Havana cigars

Hitch

Hitch

Member
This is maybe a weird question but did the first class men smoked Havana cigars?

-Carl
 
B

Bob Godfrey

Member
The simple answer is that some did and some didn't! They were certainly available. The 1910 White Star wine list offers several brands, including Fernandez Garcia (Habana) which was the most expensive choice at one shilling each - that's about £3 in modern currency. Go to the search page and run the keyword 'cigar' if you want more information about Edwardian smoking habits on board or in general. The subject is covered in several existing threads.
 
Hitch

Hitch

Member
Thank you so much Bob. Thats really good information. I will surly look that.
 
Donald J A Smith

Donald J A Smith

Member
Many men, Carl, and some women. Queen Alexandra and Queen Mary were both partial to a 'little cigar' - as Queen Victoria had been to an Egyptian cigarette. The present Queen is fond of the aroma of a fine cigar and will always insist that Michael Day, President of the Ritz, lights up when in her presence - a Royal Command he is very pleased to obey!
 
Inger Sheil

Inger Sheil

Member
In 1909 James Moody wrote about a visit to Havana where, to his disgust, he found the prices of cigars, tobacco and sugar to be 'awful'.
 
Michael H. Standart

Michael H. Standart

Member
Not as awful as they are today if you happen to live where they're embargoed. I was lucky enough to be able to get a couple of genuine Havanas in my travels. An H. Upman and one of the legendary Cohiba double coronas. If you like cigars, these are among the top smokes going. The things cost me $24.00 US each, and that was back in 1996!
 
T

taner tanriover

Guest
>>The things cost me $24.00 US each, and that was back in 1996!<<

oh la la

Happy


but hey

I live in Australia where they are not "illegal"
but they ain't much cheaper here either.
 
Michael H. Standart

Michael H. Standart

Member
>>but they ain't much cheaper here either.<<

I wouldn't think they would be. They have to go a longer way to get to Oz then to get to the USA. The grabber is that some of the Cuban smokes are starting to be surpassed in quality by the Honduran and Dominican Republic brands. A pity, but nobody stays on top of the heap forever.
 
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Lee Gilliland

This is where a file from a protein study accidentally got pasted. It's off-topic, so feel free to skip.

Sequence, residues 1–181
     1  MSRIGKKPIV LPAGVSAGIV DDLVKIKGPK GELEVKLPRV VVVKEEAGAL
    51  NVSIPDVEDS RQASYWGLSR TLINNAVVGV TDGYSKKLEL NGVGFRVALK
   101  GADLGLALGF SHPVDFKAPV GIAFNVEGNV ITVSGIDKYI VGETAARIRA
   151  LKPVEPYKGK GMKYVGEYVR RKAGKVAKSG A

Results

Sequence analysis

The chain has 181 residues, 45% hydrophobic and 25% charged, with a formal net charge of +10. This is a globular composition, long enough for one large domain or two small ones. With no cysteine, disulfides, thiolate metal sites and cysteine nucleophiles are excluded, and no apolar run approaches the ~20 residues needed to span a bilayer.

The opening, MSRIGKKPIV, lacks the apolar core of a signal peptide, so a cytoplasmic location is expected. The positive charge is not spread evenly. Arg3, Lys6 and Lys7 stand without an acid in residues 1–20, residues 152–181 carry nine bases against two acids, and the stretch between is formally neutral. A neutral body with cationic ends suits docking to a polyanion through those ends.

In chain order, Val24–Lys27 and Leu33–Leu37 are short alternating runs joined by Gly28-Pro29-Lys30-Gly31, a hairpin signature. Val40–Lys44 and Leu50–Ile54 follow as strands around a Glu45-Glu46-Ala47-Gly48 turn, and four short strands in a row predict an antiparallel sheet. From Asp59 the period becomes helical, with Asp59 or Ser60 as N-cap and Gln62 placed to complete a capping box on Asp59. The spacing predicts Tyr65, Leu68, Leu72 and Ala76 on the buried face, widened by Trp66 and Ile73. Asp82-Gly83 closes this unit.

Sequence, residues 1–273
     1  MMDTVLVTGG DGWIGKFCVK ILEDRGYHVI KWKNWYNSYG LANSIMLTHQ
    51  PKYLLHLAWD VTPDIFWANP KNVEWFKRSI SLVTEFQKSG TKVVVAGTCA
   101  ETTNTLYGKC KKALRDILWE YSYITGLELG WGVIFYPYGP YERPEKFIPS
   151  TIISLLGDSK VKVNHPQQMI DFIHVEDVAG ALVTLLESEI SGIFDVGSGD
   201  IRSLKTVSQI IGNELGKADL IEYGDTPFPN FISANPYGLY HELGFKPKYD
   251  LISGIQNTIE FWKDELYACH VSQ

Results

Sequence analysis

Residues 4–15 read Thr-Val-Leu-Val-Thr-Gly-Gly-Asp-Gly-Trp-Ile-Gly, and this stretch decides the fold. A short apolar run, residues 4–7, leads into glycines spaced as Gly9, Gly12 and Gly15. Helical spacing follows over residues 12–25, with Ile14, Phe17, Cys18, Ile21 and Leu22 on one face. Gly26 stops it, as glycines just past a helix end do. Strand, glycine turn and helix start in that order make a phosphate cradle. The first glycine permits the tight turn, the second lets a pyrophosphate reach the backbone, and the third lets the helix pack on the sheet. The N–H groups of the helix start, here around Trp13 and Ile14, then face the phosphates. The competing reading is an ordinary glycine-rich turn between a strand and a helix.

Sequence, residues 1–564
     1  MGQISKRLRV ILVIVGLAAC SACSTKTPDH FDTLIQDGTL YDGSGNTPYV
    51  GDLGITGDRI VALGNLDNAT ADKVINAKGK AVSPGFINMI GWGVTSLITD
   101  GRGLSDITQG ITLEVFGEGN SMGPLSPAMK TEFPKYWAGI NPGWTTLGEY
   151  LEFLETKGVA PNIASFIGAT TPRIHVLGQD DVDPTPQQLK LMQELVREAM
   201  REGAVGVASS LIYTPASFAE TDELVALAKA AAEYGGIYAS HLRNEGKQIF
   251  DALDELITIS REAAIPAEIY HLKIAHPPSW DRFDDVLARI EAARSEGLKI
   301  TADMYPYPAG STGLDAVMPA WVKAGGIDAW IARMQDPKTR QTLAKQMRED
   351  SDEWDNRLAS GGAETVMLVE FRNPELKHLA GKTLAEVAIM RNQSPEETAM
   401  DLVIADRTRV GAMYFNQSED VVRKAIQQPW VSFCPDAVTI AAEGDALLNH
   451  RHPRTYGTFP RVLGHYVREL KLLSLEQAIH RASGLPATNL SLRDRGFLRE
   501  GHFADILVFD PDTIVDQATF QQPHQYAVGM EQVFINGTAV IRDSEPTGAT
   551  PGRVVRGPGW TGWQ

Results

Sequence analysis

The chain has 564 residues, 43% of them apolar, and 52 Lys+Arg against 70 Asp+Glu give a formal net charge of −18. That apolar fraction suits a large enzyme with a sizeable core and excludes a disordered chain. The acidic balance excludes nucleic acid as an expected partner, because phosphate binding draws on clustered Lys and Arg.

Member
I know this is a little off subject, but is there that much difference in regular and Cuban cigars? Can someone describe the difference please?
 
N

Noel F. Jones

Member
It's said to be the soil that imparts that extra nuance to a Cuban cigar. As for color, I believe that claro, colorado and madura each denote different provinces on the island.

I believe Castro kept the historic brand names but "exported" the factory owners. Actually some of them exported themselves and they are now striving - with some considerable success - to reproduce that Havana nuance in other parts of the world with comparable soils and climate, notably the isthmus and the Canary Islands.

Noel
 
Michael H. Standart

Michael H. Standart

Member
>>I know this is a little off subject, but is there that much difference in regular and Cuban cigars? Can someone describe the difference please?<<

I think Noel covered the ground regarding soil conditions and climate, but it doesn't end there. Quality control is everything and recently, it's said to be slipping. The factory owners Noel mentioned did indeed "export" themselves. It beat possible execution as an "Enemy of The People" as well as being dispossesed of your property. When you face the prospect of being on the unhealthy end of a 12 Gun Salute, you tend to look for safer places to live and they did. They also took their trademarks with them which is why you see some Cuban lables being produced elsewhere by the original owners.

This has been a source of some controversy as the Cuban government believes it has exclusive rights to the trademarks. Since they can't get a lot of courts to agree with them...and have an impossible job getting a hearing in countries that won't even recognize the Castro regime...there's not much they can do about it.

These days, a cigar branded as coming from Cuba still has a lot of prestige to it, but with the compitition more and more doing an equal if not better job in producing high quality premium cigars, that prestige is starting to slip.
 
T

taner tanriover

Guest
Some of my favourite coffee table books are all on the History of the Cigar. All thanks to Roger Waters and his dopey friends, I guess.
Happy
 
Kyrila Scully

Kyrila Scully

Member
Some of the Cuban cigar makers are now in South Florida growing tobacco in the sugarcane fields and area surrounding the Everglades, similar to the terrain they had in Cuba.

Kyrila
 
L

Lee Gilliland

Member
Yes, but will the quality control in the factories be the same?
 
M

matthew ewing

Member
I read a post somewhere on above mine that smith enjoyed a cigar. correct me if i'm wrong, but the first class passengers often smoked as a form of socializing with one another. smoking was basically their way of meeting up and talking about how things were going; you know things like that. sorry this had nothing to do with smith, i just thought of this when i read that.

[Moderator's Note: This message has been moved from another topic. MAB]
 
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